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House of Correction
House of Industry.
The following table shows the average expenditure for each inmate of the several institutions during the year, and the actual cost of the same for the year and per week:
Houses of Reformation.
This estimate is based upon the total expenditure for all purposes less the amount of income paid into the city treasury, no deduction having been made for extraordinary expenses except in case of House of Correction, or any addition made for interest on the cost of buildings.
Comparisons of expenditures and actual cost in financial years 1870-71 and 1871-72, showing the increase or decrease of each per year and week:
EACH INMATE PER WEEK.
Soap and Soap Stock
Vegetables and Fruits
Schedule of principal articles purchased, giving the quantity with total and average cost.
3,192,5 $22,931 33
The usual degree of success has marked the course of management of the institutions the past year. Taking into consideration the large accession of numbers, it is gratifying to note that the expenditure has been preserved within the ordinary limits, while the care and discipline have suffered no diminution.
During the year, in compliance with an order of the City Council, the Board transmitted to that body information bearing upon the condition of all the institutions. This information was printed as City Document No. 76, 1871, and contains the views of the Board upon the subject of a Home for the Poor, a new Lunatic Hospital, and alterations at the House of Correction. No decisive action having been taken on the two first-named projects, there remains but little ad
ditional information to be communicated at this time. Owing to the overcrowded and very uncomfortable condition of the main building at Deer Island, the Board, under date of May 16, 1872, addressed a communication to the government, again calling its attention to the state of the institution at thes Island, and requesting the relief within the power of the Council to provide. Doubtless these subjects will receive the serious attention their importance deserves and so plainly demands.
The several reports of the superintendents of the institutions are worthy of perusal and investigation for the amount of information furnished, and which can only by this means be conveyed to the public. They will be found in their respective positions in the body of the report.
Under the faithful and effectual direction of the superintendent the affairs of the various institutions at this location progress with credit to the steady discipline by which the unexampled success is attained.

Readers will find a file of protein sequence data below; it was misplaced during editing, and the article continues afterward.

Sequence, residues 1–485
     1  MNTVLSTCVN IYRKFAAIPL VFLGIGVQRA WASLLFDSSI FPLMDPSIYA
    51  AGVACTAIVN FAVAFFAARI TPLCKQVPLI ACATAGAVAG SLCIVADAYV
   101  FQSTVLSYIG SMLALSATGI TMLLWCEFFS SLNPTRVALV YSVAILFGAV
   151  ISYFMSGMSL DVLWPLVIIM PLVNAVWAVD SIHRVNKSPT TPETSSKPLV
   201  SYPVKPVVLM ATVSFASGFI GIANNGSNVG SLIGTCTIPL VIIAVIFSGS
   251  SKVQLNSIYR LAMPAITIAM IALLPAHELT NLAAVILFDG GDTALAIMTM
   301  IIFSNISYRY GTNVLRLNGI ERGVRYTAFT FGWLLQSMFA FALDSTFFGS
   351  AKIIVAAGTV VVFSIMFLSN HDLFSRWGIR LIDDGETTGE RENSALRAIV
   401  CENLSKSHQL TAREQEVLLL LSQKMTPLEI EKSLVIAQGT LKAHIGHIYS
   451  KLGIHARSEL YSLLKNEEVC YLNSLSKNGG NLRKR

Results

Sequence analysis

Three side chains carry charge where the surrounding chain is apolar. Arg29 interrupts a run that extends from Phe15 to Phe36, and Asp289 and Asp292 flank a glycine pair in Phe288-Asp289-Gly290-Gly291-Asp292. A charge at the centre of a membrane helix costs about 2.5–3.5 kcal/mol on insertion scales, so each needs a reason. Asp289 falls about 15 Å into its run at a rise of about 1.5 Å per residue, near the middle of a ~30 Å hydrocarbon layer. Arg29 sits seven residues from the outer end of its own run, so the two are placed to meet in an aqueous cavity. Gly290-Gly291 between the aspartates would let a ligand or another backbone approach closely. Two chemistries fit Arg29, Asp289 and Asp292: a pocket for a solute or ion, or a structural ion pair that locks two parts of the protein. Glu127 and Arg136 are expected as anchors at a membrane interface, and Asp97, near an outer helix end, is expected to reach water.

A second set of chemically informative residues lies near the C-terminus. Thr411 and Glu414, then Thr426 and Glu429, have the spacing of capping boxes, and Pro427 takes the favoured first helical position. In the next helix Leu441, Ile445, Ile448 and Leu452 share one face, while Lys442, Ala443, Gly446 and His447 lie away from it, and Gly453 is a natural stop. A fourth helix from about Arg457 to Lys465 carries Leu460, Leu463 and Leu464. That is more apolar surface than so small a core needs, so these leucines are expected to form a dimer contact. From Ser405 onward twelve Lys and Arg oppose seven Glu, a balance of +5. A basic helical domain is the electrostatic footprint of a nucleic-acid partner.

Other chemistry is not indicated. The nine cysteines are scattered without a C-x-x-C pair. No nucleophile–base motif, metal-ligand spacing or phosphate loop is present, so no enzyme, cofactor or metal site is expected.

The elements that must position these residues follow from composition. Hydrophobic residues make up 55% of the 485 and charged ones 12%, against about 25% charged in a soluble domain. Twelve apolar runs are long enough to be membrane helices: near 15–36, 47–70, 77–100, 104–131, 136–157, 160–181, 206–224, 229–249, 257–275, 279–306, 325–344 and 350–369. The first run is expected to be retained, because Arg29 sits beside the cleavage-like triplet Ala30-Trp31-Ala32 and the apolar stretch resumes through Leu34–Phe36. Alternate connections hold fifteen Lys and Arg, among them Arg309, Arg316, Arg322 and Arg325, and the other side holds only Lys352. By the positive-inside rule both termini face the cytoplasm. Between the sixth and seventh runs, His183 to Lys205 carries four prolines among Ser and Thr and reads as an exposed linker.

The overcrowding of the House of Industry upon the other departments still continues, and must do so until provision is made for the poor. Should no structure be erected for a Home, it is evident that some method must be adopted to domicile the vast number who strain the capacity of the institution to its utmost.
One of the most important of all the improvements hitherto made is the introduction of water and the arranging of hydrants in eligible positions whereby the danger from fire is much decreased. Fire Annihilators in the interior of the main building also add to its security.
The new Reception House at the steamboat landing, and the demolition of the antiquated wooden buildings which formerly stood there, give an improved appearance to the
approach to the Island. This house has been finished during the past year, and is now occupied as a reception office, besides furnishing dormitories for officers and for other purposes.
The new workshop built during the year accommodates the carpenter's, blacksmith's, and painter's shops, under one roof, and also affords in the second story ample quarters for the tailors and shoemakers, who will soon be removed from the basement of the main building.
A new bakery will be erected during the present year, on the site of the old blacksmith's shop, transferring the same from the basement of the main building. The room thus vacated will be used for increasing the bathing conveniences and reception-room, and enlarge the area used by the inmates as an assembling hall in unpleasant weather. This is a muchneeded improvement and will prove to be economical.
The City Council has made the necessary appropriation for a new wharf, coal sheds, and for a new house for the engineer. These are all desirable improvements, and will tend to facilitate the increasing business of the institutions.
The filling in of the sea-wall is rapidly approaching completion under the continued labors of the prisoners of the House of Industry, and the older boys of the House of Reformation. Before another year shall elapse it will probably be finished, and become most useful territory for erection of coal sheds and landing of stores.
Telegraphic communication between the Island and the city proper will soon be established. It will afford immediate connection with the office of the Board, and it is easy to conceive that it may be of immense advantage daily in conducting the business of the office in reference to the Island.
The schools in the Almshouse department, and also in the House of Reformation, under the kind and faithful superintendence of Rev. J. W. Dadmun, are in good condition, and favorable to the intellectual development of the large num